is a town in Worcester County, Massachusetts, USA. The population was 7,257 at the 2000 census.
The town derives its name from Gen. William "Lord Stirling" Alexander, a Scottish expatriot, who served valiantly under Gen. George Washington in the New York and other campaigns. Alexander held title to the property encompassing the town and surrounding communities, and after the war he generously deeded it to the various new communities in honor of the American independence from Great Britain. His portrait hangs in the town hall and the Town commemorated Alexander with a medallion during its bicentennial celebration in 1976.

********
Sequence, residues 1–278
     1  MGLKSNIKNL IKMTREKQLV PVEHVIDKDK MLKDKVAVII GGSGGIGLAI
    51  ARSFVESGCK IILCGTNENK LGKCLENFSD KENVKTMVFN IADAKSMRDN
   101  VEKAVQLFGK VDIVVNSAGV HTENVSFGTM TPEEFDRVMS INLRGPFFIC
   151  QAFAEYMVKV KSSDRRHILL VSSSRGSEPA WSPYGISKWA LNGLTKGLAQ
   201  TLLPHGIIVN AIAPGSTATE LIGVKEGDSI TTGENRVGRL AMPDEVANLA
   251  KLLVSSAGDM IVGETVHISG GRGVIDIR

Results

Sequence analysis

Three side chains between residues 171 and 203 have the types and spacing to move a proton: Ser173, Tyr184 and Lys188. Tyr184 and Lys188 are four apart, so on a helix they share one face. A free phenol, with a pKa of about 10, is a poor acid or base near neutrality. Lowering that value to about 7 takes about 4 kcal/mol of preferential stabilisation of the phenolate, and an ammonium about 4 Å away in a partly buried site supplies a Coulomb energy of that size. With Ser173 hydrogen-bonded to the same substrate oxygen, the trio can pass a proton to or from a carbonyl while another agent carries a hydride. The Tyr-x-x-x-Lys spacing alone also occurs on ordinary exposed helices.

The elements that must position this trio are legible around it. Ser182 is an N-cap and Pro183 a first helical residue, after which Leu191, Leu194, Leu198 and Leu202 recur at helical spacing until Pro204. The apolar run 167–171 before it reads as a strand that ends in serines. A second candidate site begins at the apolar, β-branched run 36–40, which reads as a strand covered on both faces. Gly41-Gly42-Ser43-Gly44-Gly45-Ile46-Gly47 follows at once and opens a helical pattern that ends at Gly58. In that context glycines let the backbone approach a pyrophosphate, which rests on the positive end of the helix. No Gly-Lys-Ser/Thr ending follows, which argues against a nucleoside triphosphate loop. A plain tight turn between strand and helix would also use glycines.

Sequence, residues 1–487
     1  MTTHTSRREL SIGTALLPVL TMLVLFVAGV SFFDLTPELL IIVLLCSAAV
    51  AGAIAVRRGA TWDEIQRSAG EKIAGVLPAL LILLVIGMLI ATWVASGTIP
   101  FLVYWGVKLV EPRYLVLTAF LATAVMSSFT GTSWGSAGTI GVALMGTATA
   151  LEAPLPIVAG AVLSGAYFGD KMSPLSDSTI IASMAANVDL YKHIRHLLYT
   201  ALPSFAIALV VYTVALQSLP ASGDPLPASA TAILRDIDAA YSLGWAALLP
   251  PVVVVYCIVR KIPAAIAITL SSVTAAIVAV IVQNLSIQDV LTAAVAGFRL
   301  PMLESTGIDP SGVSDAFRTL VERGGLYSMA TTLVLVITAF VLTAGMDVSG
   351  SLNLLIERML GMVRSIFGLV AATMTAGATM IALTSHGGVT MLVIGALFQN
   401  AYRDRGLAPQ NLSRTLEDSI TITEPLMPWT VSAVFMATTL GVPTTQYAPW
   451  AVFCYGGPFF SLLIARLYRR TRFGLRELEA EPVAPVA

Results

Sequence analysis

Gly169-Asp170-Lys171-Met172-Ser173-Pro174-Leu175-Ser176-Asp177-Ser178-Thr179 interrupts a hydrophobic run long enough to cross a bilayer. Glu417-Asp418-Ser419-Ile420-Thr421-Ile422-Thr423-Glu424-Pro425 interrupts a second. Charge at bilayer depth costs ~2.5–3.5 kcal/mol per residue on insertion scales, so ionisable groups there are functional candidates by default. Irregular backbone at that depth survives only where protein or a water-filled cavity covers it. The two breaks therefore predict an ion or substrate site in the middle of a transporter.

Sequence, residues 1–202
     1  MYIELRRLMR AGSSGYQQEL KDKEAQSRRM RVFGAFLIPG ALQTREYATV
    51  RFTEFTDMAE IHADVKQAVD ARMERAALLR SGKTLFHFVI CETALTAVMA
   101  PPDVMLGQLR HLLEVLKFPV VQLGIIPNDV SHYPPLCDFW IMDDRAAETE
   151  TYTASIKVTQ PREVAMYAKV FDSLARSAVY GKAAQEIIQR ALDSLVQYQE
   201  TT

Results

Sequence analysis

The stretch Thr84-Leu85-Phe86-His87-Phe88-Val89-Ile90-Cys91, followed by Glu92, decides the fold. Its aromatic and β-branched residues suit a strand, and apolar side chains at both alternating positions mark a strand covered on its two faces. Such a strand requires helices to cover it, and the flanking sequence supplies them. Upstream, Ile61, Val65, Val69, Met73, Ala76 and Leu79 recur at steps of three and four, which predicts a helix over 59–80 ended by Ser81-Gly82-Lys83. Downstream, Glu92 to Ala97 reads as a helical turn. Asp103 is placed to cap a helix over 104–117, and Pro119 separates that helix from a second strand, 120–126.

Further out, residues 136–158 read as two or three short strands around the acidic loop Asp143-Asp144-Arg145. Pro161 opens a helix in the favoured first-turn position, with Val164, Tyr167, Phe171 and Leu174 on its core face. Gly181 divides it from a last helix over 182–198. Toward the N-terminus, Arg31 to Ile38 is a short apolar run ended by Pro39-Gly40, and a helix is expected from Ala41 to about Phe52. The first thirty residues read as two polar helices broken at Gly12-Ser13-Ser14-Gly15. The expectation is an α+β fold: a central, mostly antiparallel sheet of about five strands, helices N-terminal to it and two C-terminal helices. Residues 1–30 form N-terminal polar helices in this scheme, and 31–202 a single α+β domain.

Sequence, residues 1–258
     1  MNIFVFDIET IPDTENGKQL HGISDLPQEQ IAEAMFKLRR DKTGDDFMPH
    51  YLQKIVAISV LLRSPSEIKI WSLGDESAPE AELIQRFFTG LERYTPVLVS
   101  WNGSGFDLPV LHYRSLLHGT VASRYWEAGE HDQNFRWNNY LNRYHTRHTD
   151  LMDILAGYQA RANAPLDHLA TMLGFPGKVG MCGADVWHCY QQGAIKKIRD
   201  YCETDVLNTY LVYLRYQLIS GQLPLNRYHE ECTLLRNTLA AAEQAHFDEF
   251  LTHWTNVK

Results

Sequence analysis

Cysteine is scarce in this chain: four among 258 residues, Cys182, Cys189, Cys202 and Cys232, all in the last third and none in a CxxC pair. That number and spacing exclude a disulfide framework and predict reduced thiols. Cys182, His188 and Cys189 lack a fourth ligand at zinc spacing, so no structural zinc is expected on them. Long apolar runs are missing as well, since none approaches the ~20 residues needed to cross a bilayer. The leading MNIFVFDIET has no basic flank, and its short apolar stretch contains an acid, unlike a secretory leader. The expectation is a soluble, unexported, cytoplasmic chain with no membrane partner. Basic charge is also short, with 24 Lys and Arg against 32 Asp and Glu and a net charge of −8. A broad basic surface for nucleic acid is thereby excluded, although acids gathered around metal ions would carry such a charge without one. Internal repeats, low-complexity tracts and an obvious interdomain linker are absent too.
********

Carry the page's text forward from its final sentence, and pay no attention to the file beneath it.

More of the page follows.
Residents recently approved and built new facilities for the police and fire departments. The town enjoys a low crime rate even though it has large metropolitan areas both north and south of its borders.